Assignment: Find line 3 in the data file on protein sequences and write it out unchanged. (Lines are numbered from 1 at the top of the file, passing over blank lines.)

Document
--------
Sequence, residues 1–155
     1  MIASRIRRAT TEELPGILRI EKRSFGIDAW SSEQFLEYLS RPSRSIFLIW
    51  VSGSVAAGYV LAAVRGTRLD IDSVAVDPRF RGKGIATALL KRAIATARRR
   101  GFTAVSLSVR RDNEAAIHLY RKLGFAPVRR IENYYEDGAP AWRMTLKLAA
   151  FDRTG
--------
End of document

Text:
    51  VSGSVAAGYV LAAVRGTRLD IDSVAVDPRF RGKGIATALL KRAIATARRR